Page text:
Friday, April 11, 2014

"If a bomb drops in Sudan and no one hears, did it make a sound?" A newspaper oped I wrote several years ago. I think it applies to today's situation as well.

If a bomb drops in Sudan and no one hears, did it make a sound?
On November 15th, a friend of mine in South Sudan sent me a message that on the previous day, bombs had been dropped on several sites near him, one wounding a United Nations observer. I searched the US news websites and none of them mentioned the bombing. Three days later, another acquaintance told me that bombs were dropped near their orphanage resulting in unknown casualties. The orphanage was undamaged and the children were safe. Several African papers ran the story which was picked up even by Aljazeera, but as I searched for any US or western reports of the bombing again I found nothing In a country where the temporarily suppressed civil war has lasted longer than the average life expectancy of its inhabitants, where upwards of two and a half million people have been killed and millions more displaced into abject poverty, and where life in the best of times hangs by the slimmest of threads, war seems to be so much a part of normal life that it is no longer newsworthy.
On January 9, 2010 the most important event in Sudan’s history is scheduled to take place. On that day, in keeping with the Comprehensive Peace Accord forced upon the central government by the previous US president, the people of South Sudan will vote on whether they stay a part of a greater Sudan or they will secede from the union. By all accounts, the South will vote to secede. By the majority of accounts, the mostly Muslim central government will then resume its war upon the largely defenseless people of South Sudan. Last week’s bombings appear to be a prelude to this war.
Before its partition, the modern borders of Sudan make it, by area, the largest country in Africa. Northern Sudan, which includes the states of Darfur, has come under increasing Muslim influence while states in the southern regions have resisted such changes. The regime in Khartoum is recognized by the United Nations, the African Union, and the United States as the only legitimate government. It is also led by the only sitting head of state to be indicted by the World Court for crimes against humanity and to have an outstanding arrest warrant still in effect. Since obtaining independence in 1956 the northern central government and rebel forces in the South have maintained separate legislative bodies, armed forces, cultural identities, and economies. Sudan, therefore, has functioned in effect as two separate nation-states whose interactions have been characterized primarily by conflict and not cooperation for the good of its citizens. The result is the longest running civil war in modern times.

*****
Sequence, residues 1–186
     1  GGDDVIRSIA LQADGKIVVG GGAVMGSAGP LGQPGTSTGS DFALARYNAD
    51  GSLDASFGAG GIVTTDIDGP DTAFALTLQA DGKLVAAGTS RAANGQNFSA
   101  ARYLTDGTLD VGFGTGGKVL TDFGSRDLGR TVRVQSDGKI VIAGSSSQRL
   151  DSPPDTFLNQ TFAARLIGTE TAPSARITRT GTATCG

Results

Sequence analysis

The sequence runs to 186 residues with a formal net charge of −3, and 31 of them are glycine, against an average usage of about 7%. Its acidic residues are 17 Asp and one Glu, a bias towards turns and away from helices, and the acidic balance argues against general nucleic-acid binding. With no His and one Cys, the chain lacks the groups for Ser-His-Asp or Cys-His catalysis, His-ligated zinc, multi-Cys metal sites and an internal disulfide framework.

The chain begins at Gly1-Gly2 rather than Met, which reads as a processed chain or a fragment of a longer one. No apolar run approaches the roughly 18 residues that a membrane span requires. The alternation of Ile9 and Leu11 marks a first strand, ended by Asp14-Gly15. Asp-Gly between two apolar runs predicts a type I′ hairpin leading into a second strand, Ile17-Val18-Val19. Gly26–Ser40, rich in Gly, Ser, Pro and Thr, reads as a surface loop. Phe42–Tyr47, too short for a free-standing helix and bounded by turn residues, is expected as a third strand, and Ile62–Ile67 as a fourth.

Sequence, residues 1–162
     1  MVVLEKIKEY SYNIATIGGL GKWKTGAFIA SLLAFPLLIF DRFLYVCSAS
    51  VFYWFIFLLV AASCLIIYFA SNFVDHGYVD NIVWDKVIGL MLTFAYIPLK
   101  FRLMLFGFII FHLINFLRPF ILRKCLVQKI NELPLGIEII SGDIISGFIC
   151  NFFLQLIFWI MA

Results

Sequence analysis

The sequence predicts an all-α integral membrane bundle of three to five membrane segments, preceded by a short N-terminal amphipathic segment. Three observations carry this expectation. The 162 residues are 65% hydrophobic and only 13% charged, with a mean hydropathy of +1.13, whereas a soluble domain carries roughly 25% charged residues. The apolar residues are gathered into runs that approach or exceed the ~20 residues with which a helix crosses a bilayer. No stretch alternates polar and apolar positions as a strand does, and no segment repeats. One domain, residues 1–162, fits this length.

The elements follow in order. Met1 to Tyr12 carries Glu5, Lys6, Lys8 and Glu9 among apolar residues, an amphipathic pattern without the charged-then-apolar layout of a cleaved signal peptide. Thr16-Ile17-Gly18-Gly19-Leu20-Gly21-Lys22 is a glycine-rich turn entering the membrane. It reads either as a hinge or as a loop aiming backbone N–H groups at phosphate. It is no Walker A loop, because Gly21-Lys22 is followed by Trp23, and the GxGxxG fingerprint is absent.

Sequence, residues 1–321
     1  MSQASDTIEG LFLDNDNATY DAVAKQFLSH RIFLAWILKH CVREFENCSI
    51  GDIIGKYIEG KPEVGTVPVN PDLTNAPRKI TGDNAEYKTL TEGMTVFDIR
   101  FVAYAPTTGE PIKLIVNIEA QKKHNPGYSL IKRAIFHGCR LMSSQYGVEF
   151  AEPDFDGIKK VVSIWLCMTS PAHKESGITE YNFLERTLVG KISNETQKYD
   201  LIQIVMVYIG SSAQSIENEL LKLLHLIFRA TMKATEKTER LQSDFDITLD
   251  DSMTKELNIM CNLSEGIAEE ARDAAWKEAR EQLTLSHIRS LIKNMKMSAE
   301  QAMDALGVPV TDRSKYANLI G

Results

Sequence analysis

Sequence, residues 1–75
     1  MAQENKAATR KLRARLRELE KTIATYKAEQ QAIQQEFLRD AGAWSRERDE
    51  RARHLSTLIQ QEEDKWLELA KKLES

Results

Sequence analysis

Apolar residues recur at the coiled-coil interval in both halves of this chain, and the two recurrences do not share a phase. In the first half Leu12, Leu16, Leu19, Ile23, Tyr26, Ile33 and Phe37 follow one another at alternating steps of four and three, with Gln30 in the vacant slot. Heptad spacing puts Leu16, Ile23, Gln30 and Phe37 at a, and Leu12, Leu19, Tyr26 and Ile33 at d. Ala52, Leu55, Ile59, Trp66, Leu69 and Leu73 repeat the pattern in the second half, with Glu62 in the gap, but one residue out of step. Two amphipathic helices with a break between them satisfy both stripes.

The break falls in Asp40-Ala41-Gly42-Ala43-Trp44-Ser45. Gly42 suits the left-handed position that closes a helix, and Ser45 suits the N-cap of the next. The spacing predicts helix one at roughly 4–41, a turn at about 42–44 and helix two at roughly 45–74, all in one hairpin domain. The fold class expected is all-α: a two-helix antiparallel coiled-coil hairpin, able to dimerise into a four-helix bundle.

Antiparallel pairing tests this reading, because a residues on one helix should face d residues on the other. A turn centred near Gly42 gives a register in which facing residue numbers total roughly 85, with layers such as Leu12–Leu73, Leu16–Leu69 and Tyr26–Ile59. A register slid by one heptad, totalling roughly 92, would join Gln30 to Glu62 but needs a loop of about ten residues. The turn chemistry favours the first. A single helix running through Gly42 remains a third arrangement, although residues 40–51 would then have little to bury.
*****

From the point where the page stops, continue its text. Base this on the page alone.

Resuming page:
South Sudan experiences crippling conflicts that overlap and perpetuate one another. Family feuds erupt into violence often years after the initiating events. Clan wars expand to involve tribes. Tribal wars expand to involve government forces. Multiple rebellions trigger disproportionate retaliation from the central government that escalates to genocidal levels. International intervention is hampered by complex loyalties and agendas that treat human life as a commodity to be bartered. The discovery of oil in South Sudan may not be the blessing that many hope as it raises the stakes in a global economy where human life, especially life so different from our own, appears cheap and expendable. China already develops, exports, and protects the oil interest while providing weapons to the central government which are in turn used exclusively against its own people.
Brutality, mass rape, slavery, and genocide fill the history of this region where traditional African societies interface across a harsh landscape with Muslim/Arab societies. The region also lacks a history of successful peacemaking devoid of external involvement. Often the struggle for survival has forced ethnicity onto people who are not well served by modern political or cultural boundaries. Theses identities can turn with disturbing rapidity to a type of ethnic-bound loyalty which expresses itself in the recurrent retaliatory massacres, Darfur’s ongoing genocide, and the wholesale rape and enslavement of women and children—often with senseless violence and disregard for human life so horrible that the senses numb. Sudan is truly a country of extremes within extremes, but inhabiting these extremes are a highly marginalized people who deserve recognition and a voice. They are not, as I have heard them described, a “primitive people”, in any way except that they lack most modern technologies. They possess intricate relationships, a rich and complex culture, history, and sophisticated philosophies—in many ways more so than those found in Western urban cultures. In a word, they are humans whose similarities with the rest of us far outweigh their differences and whose worth is equal to our own. I am blessed to have known them during my time with them as both a physician and an anthropologist. I would plead with Western powers, including our president, to commit whatever resources are required to make known to Khartoum that we will not sit idly by as another generation of Sudanese are again ravaged by their own government and by neglect, by ours as well. If AP, Reuters News, CNN, and all of the major US papers and networks did not hear the sounds of bombs dropping it was only because they (we) did not listen.